Spring 2023 Workshops

Feb.7, 2:00- 3:00 pm: Correcting Common Grammar and Punctuation Mistakes

Good ideas can get lost in poor grammar and punctuation. In this Center for Writers graduate workshop, we take on four common errors so those good ideas can come through.

Feb.14, 1:00- 2:30 pm: Writing the Methods

We know that the Methodology section is supposed to explain the “what” and “how” of our research, but really, how much detail do we need? How do we organize our process? Why can’t we just put in bullet points? This workshop addresses strategies for organizing and then accurately communicating our research process and progress.

Feb.22, 2:00- 4:00 pm: Writing the Results

Why can’t we just let the results speak for themselves? What are some strategies for organizing the results section? How do vocabulary choices minimize complications with results and promote clarity? Should I write about the most important results first or save them for last? Do I have to put all my results in this section? These are just a few of the questions we will address in this workshop on reporting research results.

Mar.3, 12:00- 1:30 pm(Grad Hub): Writing the Discussion and Conclusion Section

How do I start the discussion section? What type of information should be in this section, and in what order? How do I end this section? This workshop will address these questions and present strategies to develop clear arguments and compose a strong discussion section.

Mar.9, 12:00- 1:30 pm(Grad Hub): Writing an Introduction

Although deceptively simple, a well-written introduction can be notoriously difficult to write. This workshop will present strategies for writing strong introductions and for avoiding writing pitfalls that plague opening paragraphs.

Mar.22, 12:00- 1:30 pm: Avoiding Plagiarism

Academic integrity requires that we accurately attribute research and ideas to their original sources. Plagiarism, on the other hand, undermines not only the writer and researcher who intentionally or unintentionally plagiarizes, but also the work presented in the plagiarized paper. This workshop by the Graduate Center for Writers presents information about what is considered plagiarism and also some techniques to avoid it.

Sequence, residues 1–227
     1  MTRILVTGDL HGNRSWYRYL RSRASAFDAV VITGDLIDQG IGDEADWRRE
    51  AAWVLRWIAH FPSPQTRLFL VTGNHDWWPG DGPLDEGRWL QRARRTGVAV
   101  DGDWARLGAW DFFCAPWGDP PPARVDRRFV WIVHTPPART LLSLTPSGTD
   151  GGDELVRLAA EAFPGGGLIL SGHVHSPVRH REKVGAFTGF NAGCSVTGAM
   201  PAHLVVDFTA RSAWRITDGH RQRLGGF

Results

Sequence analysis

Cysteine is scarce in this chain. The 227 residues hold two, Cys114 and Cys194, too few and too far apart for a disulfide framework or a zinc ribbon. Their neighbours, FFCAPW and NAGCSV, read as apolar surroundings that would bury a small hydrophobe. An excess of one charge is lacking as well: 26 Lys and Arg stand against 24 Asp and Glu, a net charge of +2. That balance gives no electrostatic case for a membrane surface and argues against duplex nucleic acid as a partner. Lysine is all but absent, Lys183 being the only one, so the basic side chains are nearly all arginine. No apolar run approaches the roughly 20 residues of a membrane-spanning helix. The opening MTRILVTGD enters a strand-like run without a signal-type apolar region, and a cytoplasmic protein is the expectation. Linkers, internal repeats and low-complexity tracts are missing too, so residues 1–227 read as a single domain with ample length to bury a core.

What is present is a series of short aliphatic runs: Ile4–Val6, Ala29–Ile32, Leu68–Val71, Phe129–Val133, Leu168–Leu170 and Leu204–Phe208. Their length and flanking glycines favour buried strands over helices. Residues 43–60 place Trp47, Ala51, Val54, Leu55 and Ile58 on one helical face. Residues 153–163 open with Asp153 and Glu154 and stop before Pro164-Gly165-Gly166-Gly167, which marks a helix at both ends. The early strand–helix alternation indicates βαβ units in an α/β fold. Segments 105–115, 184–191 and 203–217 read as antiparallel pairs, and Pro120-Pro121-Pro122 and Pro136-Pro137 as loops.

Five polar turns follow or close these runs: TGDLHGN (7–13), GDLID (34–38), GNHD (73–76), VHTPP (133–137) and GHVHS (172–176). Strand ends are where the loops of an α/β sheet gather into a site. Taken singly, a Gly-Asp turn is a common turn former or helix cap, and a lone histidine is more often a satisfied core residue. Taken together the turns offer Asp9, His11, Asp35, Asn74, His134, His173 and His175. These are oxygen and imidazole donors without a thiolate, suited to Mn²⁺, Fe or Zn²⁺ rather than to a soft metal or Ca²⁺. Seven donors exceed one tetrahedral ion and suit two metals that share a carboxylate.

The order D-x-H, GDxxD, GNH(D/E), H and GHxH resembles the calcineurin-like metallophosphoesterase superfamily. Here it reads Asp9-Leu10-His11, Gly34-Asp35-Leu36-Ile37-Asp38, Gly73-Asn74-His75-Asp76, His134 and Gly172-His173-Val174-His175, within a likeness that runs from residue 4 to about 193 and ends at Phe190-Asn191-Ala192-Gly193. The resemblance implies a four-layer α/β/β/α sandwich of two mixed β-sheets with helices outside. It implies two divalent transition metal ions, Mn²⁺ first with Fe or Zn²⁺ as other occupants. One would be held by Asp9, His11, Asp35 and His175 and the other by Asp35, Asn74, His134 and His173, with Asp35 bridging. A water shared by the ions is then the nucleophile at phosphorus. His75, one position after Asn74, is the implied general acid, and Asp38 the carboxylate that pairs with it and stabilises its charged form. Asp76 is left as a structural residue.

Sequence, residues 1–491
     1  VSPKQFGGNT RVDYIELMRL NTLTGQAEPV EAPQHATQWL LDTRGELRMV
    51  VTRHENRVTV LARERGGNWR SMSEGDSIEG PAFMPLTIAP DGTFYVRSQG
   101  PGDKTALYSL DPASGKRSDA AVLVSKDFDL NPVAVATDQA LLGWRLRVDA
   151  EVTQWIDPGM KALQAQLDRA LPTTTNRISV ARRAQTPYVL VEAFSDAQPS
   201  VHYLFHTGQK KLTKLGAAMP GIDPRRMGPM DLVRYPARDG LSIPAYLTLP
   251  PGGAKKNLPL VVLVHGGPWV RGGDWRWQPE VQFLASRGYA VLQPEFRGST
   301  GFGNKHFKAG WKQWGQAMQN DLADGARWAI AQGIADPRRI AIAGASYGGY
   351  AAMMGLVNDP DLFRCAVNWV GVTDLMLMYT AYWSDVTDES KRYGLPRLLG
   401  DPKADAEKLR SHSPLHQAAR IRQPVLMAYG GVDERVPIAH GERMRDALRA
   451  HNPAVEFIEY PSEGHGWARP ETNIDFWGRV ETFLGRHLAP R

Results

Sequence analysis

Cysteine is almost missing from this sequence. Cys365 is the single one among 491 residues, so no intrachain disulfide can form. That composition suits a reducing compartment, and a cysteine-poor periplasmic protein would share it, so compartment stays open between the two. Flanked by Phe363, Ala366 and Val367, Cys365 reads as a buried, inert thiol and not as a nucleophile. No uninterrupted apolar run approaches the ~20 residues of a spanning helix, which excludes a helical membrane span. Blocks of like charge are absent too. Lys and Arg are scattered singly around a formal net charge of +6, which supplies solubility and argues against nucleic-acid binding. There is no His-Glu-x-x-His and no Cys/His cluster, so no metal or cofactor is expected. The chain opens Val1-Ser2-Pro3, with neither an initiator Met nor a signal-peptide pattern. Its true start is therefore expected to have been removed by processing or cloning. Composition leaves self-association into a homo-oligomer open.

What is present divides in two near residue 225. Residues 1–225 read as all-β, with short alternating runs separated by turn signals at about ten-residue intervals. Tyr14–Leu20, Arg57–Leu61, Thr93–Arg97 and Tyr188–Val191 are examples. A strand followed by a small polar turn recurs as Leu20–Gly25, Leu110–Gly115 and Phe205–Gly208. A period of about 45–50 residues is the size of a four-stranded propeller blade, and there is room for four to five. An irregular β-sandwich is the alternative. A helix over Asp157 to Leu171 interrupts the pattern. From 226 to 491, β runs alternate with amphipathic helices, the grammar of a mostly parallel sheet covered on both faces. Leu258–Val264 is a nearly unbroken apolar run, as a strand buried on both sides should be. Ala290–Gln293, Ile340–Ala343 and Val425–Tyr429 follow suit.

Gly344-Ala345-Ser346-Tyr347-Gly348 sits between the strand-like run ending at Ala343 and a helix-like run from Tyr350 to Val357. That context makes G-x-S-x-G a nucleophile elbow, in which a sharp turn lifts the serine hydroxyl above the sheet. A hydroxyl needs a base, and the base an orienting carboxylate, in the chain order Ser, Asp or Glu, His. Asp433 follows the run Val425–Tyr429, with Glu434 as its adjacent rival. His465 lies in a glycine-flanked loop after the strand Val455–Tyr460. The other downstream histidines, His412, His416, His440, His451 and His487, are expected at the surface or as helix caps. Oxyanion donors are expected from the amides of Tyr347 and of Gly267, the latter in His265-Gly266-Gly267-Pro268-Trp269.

Mar.28, 1:00- 2:30 pm: Writing an Abstract

An abstract is a challenging genre required for many writing projects. While each discipline, journal, and even writer might have specific expectations, abstracts have a few widely shared features. In this workshop, we will discuss some of the common features and how to construct an abstract.

April.5, 3:00- 4:45 pm: Application Materials

Personal statements, research statements, teaching philosophies, diversity statements, resumes, CVs, and cover letters are components of many job, fellowship, and grant applications. This workshop focuses on the individual characteristics of these high-stakes genres and provides some strategies for getting started on developing a well-written application package.

Week of April 17th ONLINE (Date TBD): Responding to Reviewer Comments

Whether reviewers are peers, advisors, committees, or from a journal, responding to their comments can be both difficult and frustrating. This workshop presents a strategy for responding to comments in timely and productive ways.



Past Workshops

IMRD Workshops (Into, Methods, Results, Discussion)

  • Writing the Methods Section
  • Writing the Results
  • Writing the Discussion and Conclusion Sections
  • Writing an Introduction
  • Writing an Abstract

Academic & Professional Writing

  • Organizing Materials before Writing a First Draft
  • Overcoming Writer's Block
  • Paraphrasing and Summarizing
  • Introduction to Literature Review
  • Avoiding Plagiarism
  • Responding to Reviewer Comments
  • Peer Review
  • Writing a Teaching Philosophy
  • Writing Personal Statements
  • Cover Letters and CVs
  • Navigating the Disquisition Review Process (by the Thesis & Dissertation Coordinator)

Elements of Clear and Correct Writing

  • Writing in Active Voice
  • Common Word Choice Mistakes
  • Common Grammar and Punctuation Mistakes
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